Obama tells Abbas: 'Two-state solution still viable'
US President Barack Obama insisted on Thursday a two-state solution was still viable, but disappointed his Palestinian hosts by failing to take a clear stance on freezing settlement activity.
On the second day of a historic visit to Israel and the Palestinian territories, Obama travelled to the West Bank's political capital to face an audience disappointed by his failure to meet expectations that he could help deliver them a state.
There he held a long meeting with Palestinian president Mahmud Abbas who told him there would be no return to negotiations while Israel continues to build on land the Palestinians want for a future state.
After a brief flight from Jerusalem, crossing the barbed wire fences and walls of the Israeli separation barrier, Obama's Marine One helicopter touched down under a blazing sun, kicking up a cloud of dust in the Muqataa presidential compound.
On his first visit to the Holy Land since taking the White House in 2009, Obama was quick to take aim at the disappointment over his first term in office, insisting Washington remained "deeply committed" to realising the creation of an independent Palestinian state and an end to the Israeli occupation.
Speaking at a joint press conference with Abbas, Obama insisted that the two-state solution was still viable, saying the Palestinian people "deserve an end to the occupation."
"Based on the conversations I've had with president Abbas and Prime Minister Benjamin Netanyahu... the possibility continues to exist for a two-state solution," he said, countering claims it was no longer possible due to the pace of Israel's settlement construction.
"The Palestinian people deserve an end to occupation and the daily indignities that come with it. Put simply, Palestinians deserve a state of their own," he said.
Although he was quick to identify settlement construction as unhelpful to peace efforts, he steered clear of the question of a new settlement freeze.
"We do not consider continued settlement activity to be constructive, to be appropriate, to be something that can advance the cause of peace," he said.
Direct peace talks broke off in late September 2010, just weeks after they were launched with the Palestinians refusing to continue talking while Israel builds on land they want for a future state.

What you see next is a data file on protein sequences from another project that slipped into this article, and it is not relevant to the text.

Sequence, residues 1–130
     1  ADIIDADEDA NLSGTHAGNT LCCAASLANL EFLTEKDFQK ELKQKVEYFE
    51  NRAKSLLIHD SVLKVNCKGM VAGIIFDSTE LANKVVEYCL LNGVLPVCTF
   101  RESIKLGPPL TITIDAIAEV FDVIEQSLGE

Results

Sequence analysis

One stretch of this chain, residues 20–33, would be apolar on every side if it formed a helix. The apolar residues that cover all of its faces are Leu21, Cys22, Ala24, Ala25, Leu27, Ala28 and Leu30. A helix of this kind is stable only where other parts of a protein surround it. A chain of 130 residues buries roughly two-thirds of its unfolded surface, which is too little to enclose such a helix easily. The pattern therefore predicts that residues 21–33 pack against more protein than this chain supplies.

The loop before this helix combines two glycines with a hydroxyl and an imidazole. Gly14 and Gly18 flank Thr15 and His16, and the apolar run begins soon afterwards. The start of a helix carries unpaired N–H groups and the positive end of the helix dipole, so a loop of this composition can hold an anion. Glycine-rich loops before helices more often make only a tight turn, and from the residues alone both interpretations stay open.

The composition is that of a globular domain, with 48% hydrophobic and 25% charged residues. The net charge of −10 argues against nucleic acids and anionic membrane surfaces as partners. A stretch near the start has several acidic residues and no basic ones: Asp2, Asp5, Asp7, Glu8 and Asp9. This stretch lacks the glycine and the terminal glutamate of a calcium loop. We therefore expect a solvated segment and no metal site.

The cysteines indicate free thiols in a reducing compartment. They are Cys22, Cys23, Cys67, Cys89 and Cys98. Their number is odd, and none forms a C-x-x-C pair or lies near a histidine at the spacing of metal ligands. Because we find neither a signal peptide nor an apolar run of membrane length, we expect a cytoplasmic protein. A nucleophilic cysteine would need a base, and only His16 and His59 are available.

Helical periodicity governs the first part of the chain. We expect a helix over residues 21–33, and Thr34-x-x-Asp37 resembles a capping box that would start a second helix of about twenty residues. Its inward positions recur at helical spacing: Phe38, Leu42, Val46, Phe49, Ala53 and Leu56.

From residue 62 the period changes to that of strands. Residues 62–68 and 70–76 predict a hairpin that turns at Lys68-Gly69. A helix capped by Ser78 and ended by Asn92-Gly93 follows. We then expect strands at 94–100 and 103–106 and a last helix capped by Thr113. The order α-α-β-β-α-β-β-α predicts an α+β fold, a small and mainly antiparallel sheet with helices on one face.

Israel has said it is ready for an immediate resumption of talks, but insists it will only talk if there are no pre-conditions attached.
On the question of a new settlement freeze, Obama appeared to sidestep the issue, saying: If each party "is constantly negotiating about what's required to get into talks in the first place, then we're never going to get to the broader issue, which is how do you actually structure a state of Palestine."
But during the talks, Abbas insisted there could be no negotiations without a freeze, his political adviser Nimr Hammad told AFP shortly after Obama's departure.
"A resumption of negotiations is not possible without an Israeli settlement freeze in the West Bank and east Jerusalem," Hammad said.
At the press conference, Abbas said peace needed "political courage" but also good faith to work.
"Peace is not forged through violence and occupation and walls, and not by denying the rights of refugees."
Obama also condemned the "continuing threat" of rocket fire from the Hamas-run Gaza Strip after two rockets slammed into southern Israel.
"We condemn this violation of this important ceasefire that protects both Israelis and Palestinians, a violation that Hamas has a responsibility to prevent," he said of a ceasefire deal which ended eight days of bloodshed in November.
Abbas too condemned the rocket fire.
"We condemn violence against civilians, whatever its source, including the firing of rockets," he was quoted as saying by Hammad.
Protesters also made a showing in Ramallah where around 150 could be seen trying to get into the Muqataa shouting: "Obama, you're not welcome here!" and: "Obama, get out of Ramallah!"
Obama says he has not come with any concrete initiative for restarting peace talks but "to listen" to both sides about how to move forward.
"Ultimately, this is a really hard problem," Obama said during a news conference with the Israeli prime minister on Wednesday.
In an op-ed published on Wednesday, Palestinian negotiator Nabil Shaath urged Obama to prove his commitment to a two-state solution by turning pledges into deeds.
"Now, rather than calling for the resumption of a meaningless 'peace process,' we Palestinians expect real action on the ground."
The Palestinians are hoping Obama will help broker the release of more than 1,000 prisoners held by Israel and also free up $700 million in blocked US aid.